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  #11  
Old 02-01-2012, 03:43 AM
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I think it's pretty obvious, Meera, that you and SC have different views on relationship hierarchy. Probably why the friend's comment didn't make you blink while it bothered SC.

Perhaps you could have phrased your question in a way that was a little less harsh. The way that you said it gave the impression to me that you found SC's view to be just silly and and unreasonable. I don't know if that's what you meant but the way you said it, made me want to defend SC.

Also, I know assumptions are tricky but I'm not sure that you can judge better than SC about what her friend's assumptions may or may not have been. You have no context and no knowledge of the person. In Critical Race studies there's this term called a 'micro-aggression.'

From Wikipedia:

Microaggression is the idea that specific interactions between those of different races, cultures, or genders can be interpreted as non-physical aggression. The term was first coined by American psychiatrist Chester M. Pierce[1] and described as, "brief and commonplace daily verbal, behavioral, or environmental indignities, whether intentional or unintentional, that communicate hostile, derogatory, or negative racial slights and insults toward people of other races."

Microaggressions can take a number of different forms,[8] for example, questioning the existence of racial-cultural issues, making stereotypic assumptions, and cultural insensitivity.[8][9] Some other types of microaggressions that have been identified[8] include Colorblindness (e.g., "I don't think of you as Black. You are just a normal person"), Denial of personal bias (e.g., "I'm not homophobic; I even have gay friends."), and Minimization of racial-cultural issues (e.g., "Just because you feel alone in this group doesn't mean that there's a racial issue involved."). "Colorblindness" in particular has been associated with higher levels of racism[10] and lower levels of empathy.[11]

http://en.wikipedia.org/wiki/Microaggression

To me, this comment was sort of an example of that. Something unintentional that reflects a cultural, structural, or something influence or idea in place that is inherently discriminatory.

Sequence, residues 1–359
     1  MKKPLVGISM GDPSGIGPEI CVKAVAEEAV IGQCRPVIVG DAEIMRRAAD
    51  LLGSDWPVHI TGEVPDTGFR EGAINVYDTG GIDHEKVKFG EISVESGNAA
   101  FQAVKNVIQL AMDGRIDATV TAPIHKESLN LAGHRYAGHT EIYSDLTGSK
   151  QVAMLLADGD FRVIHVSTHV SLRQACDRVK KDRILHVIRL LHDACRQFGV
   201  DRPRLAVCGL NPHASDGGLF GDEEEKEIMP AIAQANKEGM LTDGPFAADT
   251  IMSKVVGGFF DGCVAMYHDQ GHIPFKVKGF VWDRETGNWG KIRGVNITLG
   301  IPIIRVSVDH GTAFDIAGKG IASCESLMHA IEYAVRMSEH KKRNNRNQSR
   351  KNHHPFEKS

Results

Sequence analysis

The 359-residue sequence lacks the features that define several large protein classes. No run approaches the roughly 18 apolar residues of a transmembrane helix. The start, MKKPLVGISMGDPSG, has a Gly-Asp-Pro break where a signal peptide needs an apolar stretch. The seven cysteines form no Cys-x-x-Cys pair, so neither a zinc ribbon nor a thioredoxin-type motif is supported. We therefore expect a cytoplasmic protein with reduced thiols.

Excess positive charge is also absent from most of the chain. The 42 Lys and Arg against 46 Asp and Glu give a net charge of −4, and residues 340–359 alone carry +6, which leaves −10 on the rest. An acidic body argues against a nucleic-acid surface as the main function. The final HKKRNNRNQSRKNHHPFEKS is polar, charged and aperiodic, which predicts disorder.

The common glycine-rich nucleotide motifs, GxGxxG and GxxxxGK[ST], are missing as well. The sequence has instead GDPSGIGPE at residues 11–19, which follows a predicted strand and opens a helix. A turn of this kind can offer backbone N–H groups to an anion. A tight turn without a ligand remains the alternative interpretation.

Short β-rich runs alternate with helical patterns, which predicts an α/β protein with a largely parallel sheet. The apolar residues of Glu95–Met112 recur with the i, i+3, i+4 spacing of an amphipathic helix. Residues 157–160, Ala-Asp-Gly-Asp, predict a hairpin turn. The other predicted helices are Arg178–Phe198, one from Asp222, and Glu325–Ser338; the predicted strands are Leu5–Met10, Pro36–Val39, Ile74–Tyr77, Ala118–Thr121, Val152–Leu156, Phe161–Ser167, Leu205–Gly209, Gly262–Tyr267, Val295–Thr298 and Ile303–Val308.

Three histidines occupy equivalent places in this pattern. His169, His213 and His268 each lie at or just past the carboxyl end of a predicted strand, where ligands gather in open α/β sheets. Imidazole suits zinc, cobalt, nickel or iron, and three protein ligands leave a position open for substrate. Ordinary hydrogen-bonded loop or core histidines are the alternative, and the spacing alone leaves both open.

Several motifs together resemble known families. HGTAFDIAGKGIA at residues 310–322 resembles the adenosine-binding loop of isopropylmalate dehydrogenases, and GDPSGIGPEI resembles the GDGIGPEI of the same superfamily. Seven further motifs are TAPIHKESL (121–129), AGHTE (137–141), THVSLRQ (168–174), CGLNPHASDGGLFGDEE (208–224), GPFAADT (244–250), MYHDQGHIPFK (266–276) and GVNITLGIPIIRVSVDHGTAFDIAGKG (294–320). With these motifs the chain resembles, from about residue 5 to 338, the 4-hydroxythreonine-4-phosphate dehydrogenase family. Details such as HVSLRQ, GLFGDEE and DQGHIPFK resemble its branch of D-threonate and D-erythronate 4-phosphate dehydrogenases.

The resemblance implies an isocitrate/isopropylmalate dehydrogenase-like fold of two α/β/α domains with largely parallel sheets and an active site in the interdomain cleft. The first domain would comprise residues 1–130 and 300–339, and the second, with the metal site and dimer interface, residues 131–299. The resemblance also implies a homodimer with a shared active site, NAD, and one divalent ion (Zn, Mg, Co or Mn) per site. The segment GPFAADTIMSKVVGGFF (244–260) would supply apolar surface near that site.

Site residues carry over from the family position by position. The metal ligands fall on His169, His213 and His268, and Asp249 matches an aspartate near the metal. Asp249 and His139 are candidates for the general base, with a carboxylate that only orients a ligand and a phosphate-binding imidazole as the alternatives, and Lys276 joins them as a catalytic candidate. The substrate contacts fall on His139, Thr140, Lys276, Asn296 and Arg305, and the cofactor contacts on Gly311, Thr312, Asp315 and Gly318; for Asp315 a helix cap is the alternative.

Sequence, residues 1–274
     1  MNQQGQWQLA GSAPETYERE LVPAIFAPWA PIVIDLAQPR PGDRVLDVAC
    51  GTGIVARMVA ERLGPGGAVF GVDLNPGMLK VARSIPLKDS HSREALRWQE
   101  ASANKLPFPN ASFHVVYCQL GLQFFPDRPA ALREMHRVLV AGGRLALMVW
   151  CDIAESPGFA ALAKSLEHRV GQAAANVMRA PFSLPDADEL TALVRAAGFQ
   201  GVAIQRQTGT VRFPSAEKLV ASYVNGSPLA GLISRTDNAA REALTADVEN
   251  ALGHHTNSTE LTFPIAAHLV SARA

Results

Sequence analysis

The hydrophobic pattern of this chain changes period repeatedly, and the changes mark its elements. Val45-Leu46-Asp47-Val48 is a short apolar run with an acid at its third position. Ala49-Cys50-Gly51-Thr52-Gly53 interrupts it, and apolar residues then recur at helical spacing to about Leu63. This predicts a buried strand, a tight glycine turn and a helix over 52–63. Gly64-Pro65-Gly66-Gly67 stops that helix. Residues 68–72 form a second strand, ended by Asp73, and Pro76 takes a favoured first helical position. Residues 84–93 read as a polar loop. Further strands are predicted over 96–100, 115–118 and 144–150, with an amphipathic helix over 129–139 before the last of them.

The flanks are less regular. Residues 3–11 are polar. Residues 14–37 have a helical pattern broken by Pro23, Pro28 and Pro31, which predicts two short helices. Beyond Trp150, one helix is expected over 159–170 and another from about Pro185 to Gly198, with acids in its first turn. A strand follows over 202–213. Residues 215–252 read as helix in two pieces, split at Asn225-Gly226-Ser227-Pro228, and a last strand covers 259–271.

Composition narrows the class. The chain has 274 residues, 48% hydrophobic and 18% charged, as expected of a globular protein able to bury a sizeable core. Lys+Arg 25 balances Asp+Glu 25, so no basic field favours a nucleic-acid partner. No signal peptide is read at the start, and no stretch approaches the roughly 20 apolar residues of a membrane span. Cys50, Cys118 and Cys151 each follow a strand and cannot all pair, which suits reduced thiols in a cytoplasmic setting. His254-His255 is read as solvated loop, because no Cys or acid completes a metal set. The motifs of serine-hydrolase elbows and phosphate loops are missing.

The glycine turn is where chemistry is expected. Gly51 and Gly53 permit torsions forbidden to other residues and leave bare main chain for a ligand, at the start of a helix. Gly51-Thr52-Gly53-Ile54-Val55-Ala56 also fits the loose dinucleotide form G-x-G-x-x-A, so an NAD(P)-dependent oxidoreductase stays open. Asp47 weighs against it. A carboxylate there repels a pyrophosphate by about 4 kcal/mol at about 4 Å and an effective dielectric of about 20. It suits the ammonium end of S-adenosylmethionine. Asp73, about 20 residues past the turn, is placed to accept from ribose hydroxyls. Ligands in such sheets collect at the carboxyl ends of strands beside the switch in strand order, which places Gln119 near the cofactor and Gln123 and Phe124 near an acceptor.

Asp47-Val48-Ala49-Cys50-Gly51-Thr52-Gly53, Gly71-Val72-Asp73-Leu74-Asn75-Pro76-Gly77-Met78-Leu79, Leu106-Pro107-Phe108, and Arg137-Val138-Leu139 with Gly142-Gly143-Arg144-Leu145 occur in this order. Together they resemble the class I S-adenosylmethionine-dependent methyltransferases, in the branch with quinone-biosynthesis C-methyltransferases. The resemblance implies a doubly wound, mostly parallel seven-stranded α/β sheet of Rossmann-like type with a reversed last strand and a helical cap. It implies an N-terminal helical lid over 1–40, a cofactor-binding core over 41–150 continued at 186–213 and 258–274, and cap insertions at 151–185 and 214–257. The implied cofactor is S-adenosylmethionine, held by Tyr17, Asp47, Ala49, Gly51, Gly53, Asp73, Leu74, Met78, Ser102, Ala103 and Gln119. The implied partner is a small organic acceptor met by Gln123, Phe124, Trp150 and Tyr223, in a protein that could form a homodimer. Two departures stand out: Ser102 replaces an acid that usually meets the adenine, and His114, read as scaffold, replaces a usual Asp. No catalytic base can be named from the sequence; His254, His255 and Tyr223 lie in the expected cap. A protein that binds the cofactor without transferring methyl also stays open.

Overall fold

If some one sees the relationship hierarchy as discriminating (not everyone does) then this could feel that way to them.
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  #12  
Old 02-02-2012, 06:03 AM
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SchrodingersCat SchrodingersCat is offline
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Quote:
Originally Posted by MeeraReed View Post
I have to say, SC, I am genuinely puzzled by your reaction.

Why would your friend's comment bother you? Having a primary really IS different.
My friend's comment bothered me because I don't use primary/secondary labels for my relationships and I don't appreciate other people labelling me according to their own paradigms without asking me if their paradigms are consistent with how I view my own life.

I never claimed that primary and secondary relationships were not different. They are very much different. I have explicitly chosen to reject the implications of those differences by deliberately avoiding the labels of primary and secondary.

For example, suppose my "secondary" is having a major crisis like her mom just died, and my "primary" needs to talk about a bad day at work. The "primary/secondary" model implies that my primary's needs come before my secondary's needs, regardless of the severity or immediacy of those needs.